Here’s what they say: “Imagine yourself in a cellar, filled with vintage synthesizers and analog sequencers, flashing lights, knobs and faders everywhere, playing Berlin School electronic music. If you don’t have any of that equipment to your disposal, this library is the next best thing. It tries to bring some of that sound and feeling to your home and studio by supplying vintage arpeggio patches.”
The Berlin School electronic genre of music was first made in Berlin in the 1970s, hence the name, by electronic music artists like Tangerine Dream, Klaus Schulze and Ashra. Typical for this type of music are the evolving, atmospheric and hypnotic layered sequencer textures. The sound consists basically of ambient elements combined with short, repeating sequenced runs of notes, which gives the music a rhythmic element.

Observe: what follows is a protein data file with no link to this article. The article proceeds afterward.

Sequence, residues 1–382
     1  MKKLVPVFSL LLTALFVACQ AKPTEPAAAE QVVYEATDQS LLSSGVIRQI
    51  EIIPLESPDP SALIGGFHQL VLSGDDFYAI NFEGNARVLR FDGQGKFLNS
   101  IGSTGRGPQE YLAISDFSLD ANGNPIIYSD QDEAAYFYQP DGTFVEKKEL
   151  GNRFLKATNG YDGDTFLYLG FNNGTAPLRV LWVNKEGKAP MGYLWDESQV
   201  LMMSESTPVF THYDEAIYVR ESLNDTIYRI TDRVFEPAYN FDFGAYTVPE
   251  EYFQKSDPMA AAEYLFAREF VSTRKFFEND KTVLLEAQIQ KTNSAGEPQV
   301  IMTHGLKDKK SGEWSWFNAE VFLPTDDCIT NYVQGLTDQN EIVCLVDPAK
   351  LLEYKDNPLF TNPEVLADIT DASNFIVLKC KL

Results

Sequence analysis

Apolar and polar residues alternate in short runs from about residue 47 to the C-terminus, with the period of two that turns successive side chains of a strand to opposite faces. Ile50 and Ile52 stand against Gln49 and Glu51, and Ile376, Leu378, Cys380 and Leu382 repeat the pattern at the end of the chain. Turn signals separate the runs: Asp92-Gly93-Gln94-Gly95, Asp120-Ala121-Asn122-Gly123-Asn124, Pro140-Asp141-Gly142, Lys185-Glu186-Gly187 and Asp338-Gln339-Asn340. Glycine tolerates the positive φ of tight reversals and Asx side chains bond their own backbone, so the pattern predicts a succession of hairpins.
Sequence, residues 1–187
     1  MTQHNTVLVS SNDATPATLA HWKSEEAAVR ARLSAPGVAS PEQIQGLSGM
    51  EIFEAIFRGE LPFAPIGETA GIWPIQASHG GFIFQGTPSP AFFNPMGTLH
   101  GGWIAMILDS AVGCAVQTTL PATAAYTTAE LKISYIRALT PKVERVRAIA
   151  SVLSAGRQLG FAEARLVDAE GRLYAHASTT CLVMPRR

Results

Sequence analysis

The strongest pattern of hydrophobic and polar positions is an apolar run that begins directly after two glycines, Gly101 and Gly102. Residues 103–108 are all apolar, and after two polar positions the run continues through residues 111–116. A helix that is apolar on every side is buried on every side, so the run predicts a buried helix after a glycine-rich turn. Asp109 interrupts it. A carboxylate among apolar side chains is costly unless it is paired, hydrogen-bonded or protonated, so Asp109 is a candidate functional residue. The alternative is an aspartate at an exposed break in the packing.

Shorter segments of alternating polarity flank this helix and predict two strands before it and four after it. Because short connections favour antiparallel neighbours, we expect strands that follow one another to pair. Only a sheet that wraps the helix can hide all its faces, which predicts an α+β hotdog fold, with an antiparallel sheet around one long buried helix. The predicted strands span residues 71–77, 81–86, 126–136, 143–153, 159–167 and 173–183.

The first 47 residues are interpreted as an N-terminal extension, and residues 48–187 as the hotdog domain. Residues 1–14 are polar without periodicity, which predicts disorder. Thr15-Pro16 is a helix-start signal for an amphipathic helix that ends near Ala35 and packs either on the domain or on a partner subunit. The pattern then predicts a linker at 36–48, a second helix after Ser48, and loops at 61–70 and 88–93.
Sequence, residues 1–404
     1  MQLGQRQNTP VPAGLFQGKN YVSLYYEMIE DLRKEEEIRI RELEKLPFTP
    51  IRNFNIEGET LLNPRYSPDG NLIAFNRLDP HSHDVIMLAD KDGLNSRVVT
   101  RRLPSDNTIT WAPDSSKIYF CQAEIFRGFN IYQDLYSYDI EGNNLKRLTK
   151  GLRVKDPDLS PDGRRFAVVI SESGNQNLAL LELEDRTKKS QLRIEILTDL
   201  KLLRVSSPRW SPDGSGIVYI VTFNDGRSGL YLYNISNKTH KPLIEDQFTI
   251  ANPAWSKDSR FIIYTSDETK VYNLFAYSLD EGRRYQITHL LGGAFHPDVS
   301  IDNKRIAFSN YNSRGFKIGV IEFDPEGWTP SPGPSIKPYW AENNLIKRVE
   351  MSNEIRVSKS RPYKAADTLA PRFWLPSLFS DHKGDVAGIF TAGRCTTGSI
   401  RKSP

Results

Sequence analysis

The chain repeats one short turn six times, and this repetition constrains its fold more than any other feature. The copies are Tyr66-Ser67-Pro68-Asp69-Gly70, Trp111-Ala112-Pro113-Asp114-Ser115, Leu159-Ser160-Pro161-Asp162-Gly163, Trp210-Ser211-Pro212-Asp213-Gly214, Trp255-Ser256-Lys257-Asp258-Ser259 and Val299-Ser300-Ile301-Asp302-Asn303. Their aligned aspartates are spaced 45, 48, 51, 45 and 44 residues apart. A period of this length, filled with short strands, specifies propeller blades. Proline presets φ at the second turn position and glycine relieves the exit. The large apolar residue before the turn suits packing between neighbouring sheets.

OSA is a Kontakt 5 library aimed at this genre of electronic music from the 1970s and 1980s and consists of vintage arpeggios, and a few modern ones too. Inspired by musicians like Jean Michel Jarre, Tangerine Dream, Klaus Schulze, Michael Hoenig and countless others.
- For Kontakt 5.1 and higher (Full version).
- 24-bit 44.100 kHz ncw samples.
- 50 different waveforms per oscillator.
- 24 samples per patch, 12 per oscillator (76 notes).
- Velocity and Aftertouch responsive.
- 6 folders containing a total of 151 patches.
- Patches divided into Straight, Triplets and One Shot (separate folders).
- 4 Effects: Reverb, Delay, Chorus & Phaser.
- Time and Speed parameters sync to Host tempo (Delay, Chorus and Phaser).
- All parameters on 1 page.
More info on the OSA product page: www.cl-projects-sound-design.com/osa
A small ARP ditty. A nice way to chill out after a late nite gig…
Vintage synthesizer sound tutorial series by RetroSound
part two: the agressive synth lead sound from the new wave group Ultravox.
very important is the oscillator sync function and the pitch modulation.
unfortunately it came to a few disturbing noises during the recording. the output level was a bit too high for the electric mistress guitar pedal
A direct clone of the Arp 1601 sequencer.